Zebrafish: a Living Window

Zebrafish: a Living Window header image
Tiny see-through fish offer a model for understanding human health.

There’s a fish out there that might hold the secret to why some people get
cancer and why some don’t. A fish that is mostly transparent for the first
ten days of its life, allowing researchers to watch as its organs form and
its body develops. As a window into human health, scientists credit Danio rerio
– zebrafish.

In a Petri dish the size of a saucer, 20 fertilized fish eggs rest in cool
fresh water. They are round bubbles, milky looking but see-through. A female
zebrafish, about the size of a standard office paperclip, laid the eggs this
morning; a male zebrafish fertilized them seconds later.

Before the parents can eat the eggs, which are incredibly high in protein,
researchers collect them from their specially made tanks at Oregon State University’s
Sinnhuber Aquatic Research Laboratory
. Researchers then count the eggs and
parcel them out to different studies that range from uncovering causes of childhood
disease to the impact of common chemicals on muscle and nervous system development
in human children.

“Many human diseases can be modeled in zebrafish,” says Robert Tanguay, an
OSU College of Agricultural Sciences professor and director of the Sinnhuber
lab. “With about 80 percent of genes in humans also present in these fish,
they present an opportunity to better understand risks that chemicals pose
to human health.”

By this afternoon, the developing eggs will have taken on a slightly different
shape. Their eyes will begin to take form. By lunchtime tomorrow, they will
have beating hearts. Another 24 hours and the fish will be swimming. Blood
will be flowing through tiny circulatory systems.

“It’s the same process that occurs in developing humans,” says Tanguay. “But
it’s much faster. It’s a difference between hours and weeks.” Zebrafish, which
are commonly sold in pet stores for home freshwater aquariums, have been used
for research at OSU since the mid 1990s, and used worldwide in medical research
programs for more than 30 years.

At the Sinnhuber lab, researchers capture about 25,000 eggs each day for studies
related to human health. These studies explore questions like, “What are the
implications of pesticide exposure on developing organisms, including human
embryos?” or, “Is the mental disease schizophrenia caused by environmental
exposure to chemicals during development?” The rapid developmental rate of
the eggs means that researchers can run many tests in a short time on a huge
number of subjects. And that means that answers can be found, not over the
course of decades, but in months and weeks. As a result, scientists from around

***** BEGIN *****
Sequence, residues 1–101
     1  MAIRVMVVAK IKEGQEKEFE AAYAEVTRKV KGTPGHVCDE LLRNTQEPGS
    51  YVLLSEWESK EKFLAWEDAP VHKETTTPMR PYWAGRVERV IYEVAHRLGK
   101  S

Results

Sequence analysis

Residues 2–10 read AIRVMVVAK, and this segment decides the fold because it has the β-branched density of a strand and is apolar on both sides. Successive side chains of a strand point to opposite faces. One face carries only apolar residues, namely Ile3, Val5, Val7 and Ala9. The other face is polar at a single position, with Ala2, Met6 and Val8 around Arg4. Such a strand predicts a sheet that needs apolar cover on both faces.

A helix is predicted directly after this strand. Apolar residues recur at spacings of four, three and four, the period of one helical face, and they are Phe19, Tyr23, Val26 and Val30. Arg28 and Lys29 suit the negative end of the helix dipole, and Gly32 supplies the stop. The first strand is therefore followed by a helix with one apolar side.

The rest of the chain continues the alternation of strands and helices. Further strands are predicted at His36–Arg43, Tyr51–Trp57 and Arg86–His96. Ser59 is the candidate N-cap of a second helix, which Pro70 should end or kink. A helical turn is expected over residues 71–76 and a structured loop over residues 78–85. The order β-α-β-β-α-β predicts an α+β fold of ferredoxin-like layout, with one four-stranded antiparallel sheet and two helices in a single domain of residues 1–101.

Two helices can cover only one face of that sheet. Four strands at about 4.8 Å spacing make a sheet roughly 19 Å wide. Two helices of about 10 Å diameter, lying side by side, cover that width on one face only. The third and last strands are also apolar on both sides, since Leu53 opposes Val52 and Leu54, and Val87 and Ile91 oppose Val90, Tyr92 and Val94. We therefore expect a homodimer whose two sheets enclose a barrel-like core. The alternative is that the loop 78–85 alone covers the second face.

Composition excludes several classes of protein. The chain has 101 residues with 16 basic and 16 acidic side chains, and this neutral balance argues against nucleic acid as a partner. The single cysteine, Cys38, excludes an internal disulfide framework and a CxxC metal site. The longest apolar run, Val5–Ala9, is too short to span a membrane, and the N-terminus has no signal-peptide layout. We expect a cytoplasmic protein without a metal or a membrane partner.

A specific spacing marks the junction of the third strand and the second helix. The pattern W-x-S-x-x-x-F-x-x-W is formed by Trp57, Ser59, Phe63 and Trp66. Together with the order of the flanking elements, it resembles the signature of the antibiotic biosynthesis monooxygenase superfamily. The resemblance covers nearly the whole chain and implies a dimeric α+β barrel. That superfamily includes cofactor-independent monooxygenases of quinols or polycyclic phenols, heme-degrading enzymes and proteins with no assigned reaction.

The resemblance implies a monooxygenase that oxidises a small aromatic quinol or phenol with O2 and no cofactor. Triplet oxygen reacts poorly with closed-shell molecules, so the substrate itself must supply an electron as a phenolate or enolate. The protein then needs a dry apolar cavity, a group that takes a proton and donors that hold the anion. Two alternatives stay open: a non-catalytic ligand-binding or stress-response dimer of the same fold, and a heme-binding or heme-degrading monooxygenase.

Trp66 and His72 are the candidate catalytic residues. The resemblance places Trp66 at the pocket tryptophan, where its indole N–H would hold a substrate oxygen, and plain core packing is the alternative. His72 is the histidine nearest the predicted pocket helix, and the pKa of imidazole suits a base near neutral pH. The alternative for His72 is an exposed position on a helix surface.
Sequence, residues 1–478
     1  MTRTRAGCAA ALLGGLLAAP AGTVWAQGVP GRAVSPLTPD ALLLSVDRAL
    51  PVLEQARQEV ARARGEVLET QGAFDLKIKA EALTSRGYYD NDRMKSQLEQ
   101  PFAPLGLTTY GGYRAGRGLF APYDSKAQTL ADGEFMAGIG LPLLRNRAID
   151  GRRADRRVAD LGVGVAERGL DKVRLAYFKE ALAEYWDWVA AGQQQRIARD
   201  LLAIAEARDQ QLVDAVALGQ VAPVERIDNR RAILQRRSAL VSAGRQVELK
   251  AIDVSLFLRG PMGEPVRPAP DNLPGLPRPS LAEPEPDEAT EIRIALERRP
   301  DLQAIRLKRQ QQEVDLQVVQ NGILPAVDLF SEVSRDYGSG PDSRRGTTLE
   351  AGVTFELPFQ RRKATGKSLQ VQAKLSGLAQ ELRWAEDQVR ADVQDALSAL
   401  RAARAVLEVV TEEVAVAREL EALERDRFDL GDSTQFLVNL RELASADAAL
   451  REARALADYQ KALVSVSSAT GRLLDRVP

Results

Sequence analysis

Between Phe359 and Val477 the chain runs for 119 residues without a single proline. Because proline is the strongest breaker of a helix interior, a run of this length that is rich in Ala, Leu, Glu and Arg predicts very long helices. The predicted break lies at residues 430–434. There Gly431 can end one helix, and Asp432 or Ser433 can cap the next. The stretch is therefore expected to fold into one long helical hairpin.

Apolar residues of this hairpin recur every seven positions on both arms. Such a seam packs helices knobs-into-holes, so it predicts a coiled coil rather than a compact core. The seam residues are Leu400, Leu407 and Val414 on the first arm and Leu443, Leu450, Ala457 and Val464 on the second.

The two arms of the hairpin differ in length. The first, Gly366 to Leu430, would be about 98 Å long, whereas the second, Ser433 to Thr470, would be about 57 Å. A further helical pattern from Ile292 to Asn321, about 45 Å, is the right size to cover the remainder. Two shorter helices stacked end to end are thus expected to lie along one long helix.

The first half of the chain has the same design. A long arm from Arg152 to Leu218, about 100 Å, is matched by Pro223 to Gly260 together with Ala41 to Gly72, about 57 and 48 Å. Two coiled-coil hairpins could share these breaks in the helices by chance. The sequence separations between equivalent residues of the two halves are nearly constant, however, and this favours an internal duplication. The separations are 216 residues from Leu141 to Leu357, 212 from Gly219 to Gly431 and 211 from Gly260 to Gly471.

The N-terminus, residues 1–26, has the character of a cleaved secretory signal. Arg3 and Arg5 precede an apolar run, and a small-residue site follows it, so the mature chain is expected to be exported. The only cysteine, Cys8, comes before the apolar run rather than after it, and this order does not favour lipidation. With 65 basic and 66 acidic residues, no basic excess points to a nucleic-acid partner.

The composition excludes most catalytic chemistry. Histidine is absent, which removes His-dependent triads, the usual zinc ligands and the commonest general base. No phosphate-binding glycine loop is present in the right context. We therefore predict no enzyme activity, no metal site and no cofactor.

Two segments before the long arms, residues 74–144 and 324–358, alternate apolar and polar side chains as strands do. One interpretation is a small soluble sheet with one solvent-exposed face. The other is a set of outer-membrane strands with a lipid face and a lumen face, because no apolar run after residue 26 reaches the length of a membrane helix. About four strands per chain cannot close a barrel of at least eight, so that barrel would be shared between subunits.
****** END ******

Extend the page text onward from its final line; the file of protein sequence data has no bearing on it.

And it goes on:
the world use zebrafish to study genetics, human health, and the development
of vertebrates.

zebrafish photo by Lynn Ketchum
Much of the work Robert Tanguay's group does with zebrafish is transferable to humans. Photo by Lynn Ketchum.

Back in the lab, Britton Goodale, an OSU graduate student, is studying how
poly aromatic hydrocarbons (PAHs) interact with, and possibly disrupt, normal
vertebrate development. In some cases, PAHs are a significant toxicological
health concern. They can be produced in the environment by both human and natural
events. Sources of PAHs can include vegetation; geological processes including
seeps, coal outcrops, crude oil spills and the release of fossil fuels; and
the high temperature combustion of organic materials, as in the case of forest
fires, car exhaust and the burning of wood stoves.

Goodale uses a long, very slender, very delicate needle to inject small amounts
of PAHs into the zebrafish eggs. She will observe the eggs over the next few
days as they develop into larvae. During this stage, the larvae do not yet
need to eat and the researchers have ultimate control over their developmental
conditions. Goodale will watch for early developmental markers that signal
PAH exposure. PAHs have the capacity to cross the placenta during early vertebrate
development, but it is not yet known how, and at what level, they affect embryo
development. This work may help to close that gap in knowledge, says Tanguay.

Much of the work done with zebrafish is transferable to humans. From offering
clues to human deafness, to helping determine how a heart might heal itself
after cardiac arrest, the tiny fish are helping to enhance medical knowledge
that benefits human health and wellbeing. Jill Franzosa, a PhD candidate in
the lab, is using zebrafish in early developmental stages to study the impact
of aging on tissue regeneration. Her work could improve therapies for the restoration
of individual cell types and tissues in humans.

The National Institutes of Health and the National Institutes of Environmental
and Health Sciences have granted the Tanguay group over $1 million in funding
this year alone to train new researchers in the use of aquatic models, like
zebrafish, and to use them to develop new studies related to the effects of
environmental exposure to chemicals, nanomaterials, and pharmaceuticals on
human health. Tanguay is also working to understand how to translate results
from zebrafish to humans to help promote tissue replacement following disease
or injury.

“We have a defined goal: to understand the ways in which a specific chemical
or substance causes harmful effects to living things, and then to use that
information to protect humans and the environment,” says Tanguay. “Our ability
to learn from the studies conducted in the lab relates directly to our goal
to prevent diseases and illnesses that plague our families and communities.”

A tiny fish egg sits under a microscope. As a researcher watches, organs develop,
a heart begins to pump. A tiny syringe carrying a chemical common in the human
environment pierces the embryo. A shift occurs. A discovery is made. A life
is changed.

Published in: Health